While stationed in Spain, one of my friends had his car set on fire. They did it, I’m assuming, because he was American. They didn’t know he had a Confederate flag in his room. Come to think of it, he deserved to have his car set on fire.
I set the woods behind my parents’ house on fire. Bored one autumn, I started lighting leaves and stamping them out and relighting other leaves and stamping those out and one time they spread too fast so that the fire kept growing faster than I could stamp. I remember running in a circle, slamming my feet into the earth and the fire yawning this larger and wider O that seemed like it was going to spread across the whole earth. The neighbors ran out with buckets and I got grounded. It’s a good word for my punishment—grounded. Later in life, when you do stupid mistakes like that, you get fired. Ground and fire.
A friend set his face on fire. He was trying to do a trick where you blow a spray of alcohol from your mouth and light it circus-style. The flames shot into his face. Afterwards, he was angry because he asked someone to take a photo and they said they didn’t because they were concerned for him.
I went to a pagan ceremony while an undergrad studying religion. They lit a bonfire and started dancing and I snuck into the bushes and got down on the grass and watched, ready to run if any demons appeared. After awhile I realized it was just people dancing around a fire. Now I hang out with witches fairly often. I traced my mother’s roots and found she had an ancestor twelve generations ago accused of witchcraft. I told my mom and she said we had a relative in Washington who was recently accused of witchcraft. It’s in our blood. My mom’s a Karjalainen in her ancestry and has roots traced back to Karjala in the days when Columbus was still alive and wearing his fucked-up hat.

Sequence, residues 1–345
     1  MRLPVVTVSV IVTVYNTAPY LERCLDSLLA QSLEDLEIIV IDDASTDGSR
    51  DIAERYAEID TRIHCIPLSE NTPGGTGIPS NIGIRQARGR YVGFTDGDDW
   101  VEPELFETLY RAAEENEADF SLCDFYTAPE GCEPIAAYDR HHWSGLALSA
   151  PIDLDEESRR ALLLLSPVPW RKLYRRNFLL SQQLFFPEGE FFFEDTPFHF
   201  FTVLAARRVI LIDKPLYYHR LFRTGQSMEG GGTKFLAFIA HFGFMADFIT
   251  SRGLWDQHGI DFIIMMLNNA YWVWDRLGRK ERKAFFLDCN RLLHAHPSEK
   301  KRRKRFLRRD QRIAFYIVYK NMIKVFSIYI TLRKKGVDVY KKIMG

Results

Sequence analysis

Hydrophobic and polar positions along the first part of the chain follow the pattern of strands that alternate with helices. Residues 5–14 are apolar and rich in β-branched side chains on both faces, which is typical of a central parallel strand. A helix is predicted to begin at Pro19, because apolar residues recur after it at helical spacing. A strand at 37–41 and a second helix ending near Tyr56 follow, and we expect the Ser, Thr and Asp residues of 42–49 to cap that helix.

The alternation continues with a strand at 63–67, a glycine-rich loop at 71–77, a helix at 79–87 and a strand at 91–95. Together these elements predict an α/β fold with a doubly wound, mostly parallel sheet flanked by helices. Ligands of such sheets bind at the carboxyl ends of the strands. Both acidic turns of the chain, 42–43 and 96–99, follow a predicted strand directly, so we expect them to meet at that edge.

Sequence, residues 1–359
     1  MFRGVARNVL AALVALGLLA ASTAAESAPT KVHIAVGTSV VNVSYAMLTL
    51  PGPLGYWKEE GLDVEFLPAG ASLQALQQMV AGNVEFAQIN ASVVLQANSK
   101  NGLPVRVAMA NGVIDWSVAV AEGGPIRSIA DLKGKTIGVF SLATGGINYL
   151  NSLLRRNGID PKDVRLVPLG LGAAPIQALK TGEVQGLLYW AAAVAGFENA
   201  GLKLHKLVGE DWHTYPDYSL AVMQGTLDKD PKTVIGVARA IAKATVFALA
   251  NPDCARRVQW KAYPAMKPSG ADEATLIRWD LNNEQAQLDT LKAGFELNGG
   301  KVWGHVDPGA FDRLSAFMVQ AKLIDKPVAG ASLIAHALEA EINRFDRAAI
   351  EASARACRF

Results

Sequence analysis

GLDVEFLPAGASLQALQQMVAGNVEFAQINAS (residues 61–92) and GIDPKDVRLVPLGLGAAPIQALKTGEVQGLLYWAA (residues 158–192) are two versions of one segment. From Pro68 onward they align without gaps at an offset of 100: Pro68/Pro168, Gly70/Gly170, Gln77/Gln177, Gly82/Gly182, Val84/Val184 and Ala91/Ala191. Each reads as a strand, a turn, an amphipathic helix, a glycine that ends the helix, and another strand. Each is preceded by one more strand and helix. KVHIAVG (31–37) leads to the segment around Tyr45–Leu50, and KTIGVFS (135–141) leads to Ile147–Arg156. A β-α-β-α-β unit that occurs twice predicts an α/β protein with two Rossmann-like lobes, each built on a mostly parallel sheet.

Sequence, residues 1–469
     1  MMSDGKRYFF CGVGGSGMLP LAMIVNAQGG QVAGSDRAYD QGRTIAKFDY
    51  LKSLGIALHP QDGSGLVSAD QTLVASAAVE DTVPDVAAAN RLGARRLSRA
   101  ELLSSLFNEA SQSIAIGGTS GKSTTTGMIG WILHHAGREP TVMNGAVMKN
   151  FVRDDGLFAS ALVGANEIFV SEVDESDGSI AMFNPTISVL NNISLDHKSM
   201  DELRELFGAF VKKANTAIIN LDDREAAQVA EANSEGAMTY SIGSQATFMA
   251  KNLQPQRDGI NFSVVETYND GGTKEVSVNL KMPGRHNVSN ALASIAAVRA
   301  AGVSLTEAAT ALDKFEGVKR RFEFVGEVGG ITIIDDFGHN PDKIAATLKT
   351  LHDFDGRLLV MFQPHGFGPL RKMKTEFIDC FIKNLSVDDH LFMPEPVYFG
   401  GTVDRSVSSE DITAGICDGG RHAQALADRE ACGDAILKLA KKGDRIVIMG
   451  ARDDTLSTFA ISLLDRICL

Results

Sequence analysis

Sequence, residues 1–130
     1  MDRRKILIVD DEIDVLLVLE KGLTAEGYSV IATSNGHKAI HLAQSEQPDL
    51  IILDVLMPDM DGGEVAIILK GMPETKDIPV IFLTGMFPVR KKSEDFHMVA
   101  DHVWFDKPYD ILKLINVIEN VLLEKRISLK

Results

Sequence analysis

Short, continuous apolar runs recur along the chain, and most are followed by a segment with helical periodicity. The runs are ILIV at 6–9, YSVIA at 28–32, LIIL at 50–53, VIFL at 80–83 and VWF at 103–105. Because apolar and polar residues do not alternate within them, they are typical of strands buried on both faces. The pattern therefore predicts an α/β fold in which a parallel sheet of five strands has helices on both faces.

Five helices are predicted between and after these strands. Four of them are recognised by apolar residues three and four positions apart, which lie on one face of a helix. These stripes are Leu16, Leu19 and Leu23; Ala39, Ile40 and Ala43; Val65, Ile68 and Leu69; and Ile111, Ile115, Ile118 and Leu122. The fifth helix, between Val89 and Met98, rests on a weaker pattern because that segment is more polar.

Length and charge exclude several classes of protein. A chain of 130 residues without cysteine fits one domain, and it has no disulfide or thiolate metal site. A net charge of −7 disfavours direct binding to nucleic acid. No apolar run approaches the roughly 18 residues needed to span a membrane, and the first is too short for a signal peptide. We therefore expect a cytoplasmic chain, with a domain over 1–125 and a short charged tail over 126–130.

A very good friend is an engineer and she used to work in a burn-victim unit and when she talks about it she gets excited because she couldn’t believe all of the things she spent years learning could go to help people so much. Now she works for a makeup company and feels bad sometimes that she’s part of the trillionaire capitalistic beauty brainwash of America. She said she visited a factory in China and discovered they gave one bucket of water to a row of women who worked on the line and they had to use that same water for a week, so they’d wash by standing over the bucket and splashing themselves with dirty water. She said she had a male roommate who flew in to examine another factory and the owner took him golfing and paid girls to be their caddies and one of the girls straddled the hole naked and he putted with her like that. Then one of the other girls took him to a room and he found out she was a prostitute and he said he couldn’t not sleep with her. My friend said she’s making it so that they’re phasing out working with the factories that don’t pass quality standards for basic human rights and that’s how she can make her job worthwhile, but she said it’s much harder than that.
Ron Riekki’s nonfiction, fiction, and poetry have been published or are forthcoming in The Threepenny Review, River Teeth, Spillway, Rattle, New Ohio Review, Shenandoah, Canary, Bellevue Literary Review, Prairie Schooner, Little Patuxent Review, Wigleaf, Juked, Dunes Review, New Verse News, and many other literary journals.1